Krakow - Nice city.

My sleeper train to Berlin leaves tonight at 7.30pm so I have a couple of hours spare to type up my thoughts about Krakow.

I came here really because of wanting to visit Auschwitz and not because I had any other expectations of what I would find. In fact, I really like this city and while I have only been here a couple of days I know that I would like to revisit in the future. There are loads of things I have not explored (there is a huge salt mine that is open in part to the public and I have not been to the castle or inside any of the historic buildings) but I have found everyone to be very helpful and friendly and luckily have also found some good food along the way.

The photo on the left shows my starter last night in a lovely Mexican restaurant situated about 5 minutes walk from my hostel. Beef Carpaccio, marinated in rosemary and garlic, served with a spicy salsa and tortilla chips. Fantastic.

I did also eat some more typical Polish food - this shows a dish of my own assembly, that is pierogi with meat with a salad of mozzarella and sun-dried tomatoes. Just the thing for a light lunch.

The centre of Krakow, the Old town, is rather touristy but there are plenty of good places to eat and many sites of interest to keep you busy. The castle is just off the main square to the South and although I have not been inside it occupies a big site, which one guide claims would occupy you for most of a day.

About 10 minutes walk from the main square, again to the South and on the banks of the River Wista is the Jewish Quarter, Kazimierz, where I am staying. Here there are many historical buildings, narrow streets and interesting sites which unfortunately I have just not had time to explore properly. According to those in the know (two lads in my dorm at the hostel) some good nightlife is situated around here as well.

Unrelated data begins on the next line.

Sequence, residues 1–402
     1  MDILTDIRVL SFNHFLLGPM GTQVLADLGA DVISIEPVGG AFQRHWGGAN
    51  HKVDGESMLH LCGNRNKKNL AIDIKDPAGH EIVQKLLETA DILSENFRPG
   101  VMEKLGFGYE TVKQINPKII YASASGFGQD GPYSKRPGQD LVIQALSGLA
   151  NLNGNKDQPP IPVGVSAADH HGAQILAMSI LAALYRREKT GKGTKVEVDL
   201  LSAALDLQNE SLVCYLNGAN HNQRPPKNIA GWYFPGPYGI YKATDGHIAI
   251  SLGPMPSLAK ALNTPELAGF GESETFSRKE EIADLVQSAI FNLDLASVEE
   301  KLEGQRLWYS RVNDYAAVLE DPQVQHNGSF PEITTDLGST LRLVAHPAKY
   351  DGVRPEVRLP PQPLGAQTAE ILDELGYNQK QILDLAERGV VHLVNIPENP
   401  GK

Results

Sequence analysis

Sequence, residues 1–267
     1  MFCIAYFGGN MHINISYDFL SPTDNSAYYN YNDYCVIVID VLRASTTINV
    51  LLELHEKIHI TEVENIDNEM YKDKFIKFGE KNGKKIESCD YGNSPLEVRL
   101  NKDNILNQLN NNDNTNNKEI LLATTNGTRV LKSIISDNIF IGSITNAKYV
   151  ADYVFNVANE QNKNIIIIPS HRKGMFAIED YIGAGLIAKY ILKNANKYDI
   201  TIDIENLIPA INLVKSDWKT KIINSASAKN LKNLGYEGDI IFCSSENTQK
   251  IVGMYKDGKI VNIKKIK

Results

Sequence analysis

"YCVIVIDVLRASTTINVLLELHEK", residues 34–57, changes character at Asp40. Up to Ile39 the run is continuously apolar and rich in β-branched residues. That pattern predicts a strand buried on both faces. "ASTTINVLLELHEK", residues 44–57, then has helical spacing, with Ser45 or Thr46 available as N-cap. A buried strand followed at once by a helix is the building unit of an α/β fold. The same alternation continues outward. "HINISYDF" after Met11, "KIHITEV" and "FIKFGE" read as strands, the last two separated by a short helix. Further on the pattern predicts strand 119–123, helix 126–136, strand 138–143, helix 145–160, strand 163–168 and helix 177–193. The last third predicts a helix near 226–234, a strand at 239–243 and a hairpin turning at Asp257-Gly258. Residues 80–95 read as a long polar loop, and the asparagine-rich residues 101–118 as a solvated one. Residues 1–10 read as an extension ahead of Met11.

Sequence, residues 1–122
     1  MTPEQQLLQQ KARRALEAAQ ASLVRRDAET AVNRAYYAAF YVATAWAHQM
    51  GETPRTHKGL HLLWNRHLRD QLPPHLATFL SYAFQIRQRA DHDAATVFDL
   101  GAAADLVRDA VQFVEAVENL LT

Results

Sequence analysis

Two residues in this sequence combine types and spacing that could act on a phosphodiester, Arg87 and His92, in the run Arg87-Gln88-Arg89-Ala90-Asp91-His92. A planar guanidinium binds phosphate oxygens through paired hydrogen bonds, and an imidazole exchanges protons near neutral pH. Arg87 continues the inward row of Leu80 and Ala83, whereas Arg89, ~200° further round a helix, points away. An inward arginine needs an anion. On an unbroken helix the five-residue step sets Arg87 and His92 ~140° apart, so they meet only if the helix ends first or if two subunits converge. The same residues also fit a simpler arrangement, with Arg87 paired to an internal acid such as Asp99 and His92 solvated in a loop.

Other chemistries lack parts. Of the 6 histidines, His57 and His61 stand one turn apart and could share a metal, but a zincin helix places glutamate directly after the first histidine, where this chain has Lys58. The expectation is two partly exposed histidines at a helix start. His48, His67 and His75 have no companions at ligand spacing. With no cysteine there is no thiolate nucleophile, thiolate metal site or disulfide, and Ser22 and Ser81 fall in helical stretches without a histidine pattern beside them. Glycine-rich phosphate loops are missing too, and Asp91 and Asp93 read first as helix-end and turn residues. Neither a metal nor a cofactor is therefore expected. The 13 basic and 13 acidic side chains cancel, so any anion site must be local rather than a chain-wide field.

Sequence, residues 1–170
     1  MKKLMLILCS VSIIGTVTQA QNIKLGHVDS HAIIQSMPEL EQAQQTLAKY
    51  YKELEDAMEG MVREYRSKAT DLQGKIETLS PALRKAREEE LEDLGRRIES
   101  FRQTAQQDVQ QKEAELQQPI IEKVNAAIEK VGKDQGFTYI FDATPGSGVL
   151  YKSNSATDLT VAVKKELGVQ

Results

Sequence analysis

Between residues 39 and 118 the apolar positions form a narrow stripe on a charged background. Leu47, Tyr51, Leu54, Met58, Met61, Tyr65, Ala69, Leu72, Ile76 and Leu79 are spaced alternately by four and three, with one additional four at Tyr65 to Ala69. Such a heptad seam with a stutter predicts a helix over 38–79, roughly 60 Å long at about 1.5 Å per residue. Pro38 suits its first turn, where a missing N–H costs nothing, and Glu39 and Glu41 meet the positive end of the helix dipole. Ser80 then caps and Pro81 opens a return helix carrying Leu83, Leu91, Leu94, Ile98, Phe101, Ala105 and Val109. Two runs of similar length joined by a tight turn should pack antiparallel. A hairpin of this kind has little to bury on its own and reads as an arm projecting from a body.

If, like me, you find that after a while the older historical sites tend to blend together, you can take a trip out to Nowa Huta which was created by the Communists to supply a workforce to the enormous steelworks to the East of the city and also to act as a model town under Communist ideals. I was lucky to be shown some of the highlights of Nowa Huta as part of an afternoon tour operated by "Crazy Guides" and chauffered around in an elderly Trabant (which at the end of the tour we were allowed to try and drive, on a disused airfield). Highly recommended with a good guide and great fun.

This morning I have taken a trip out to the Aviation museum on the edge of the city which is large and slightly chaotically laid out but allows the visitor to wander around at their own pace, taking in a variety of aviation exhibits from around 1918 onwards. Unfortunately this former RAF Jaguar, pictured left, has seen better days. There seems to be a lot of building work going on at the site and a new building appears to be in the final stages of construction, so I guess in the future the displays and featured aircraft will be laid out rather more logically. They might even have reassembled the Jaguar by then!

No comments:

Post a Comment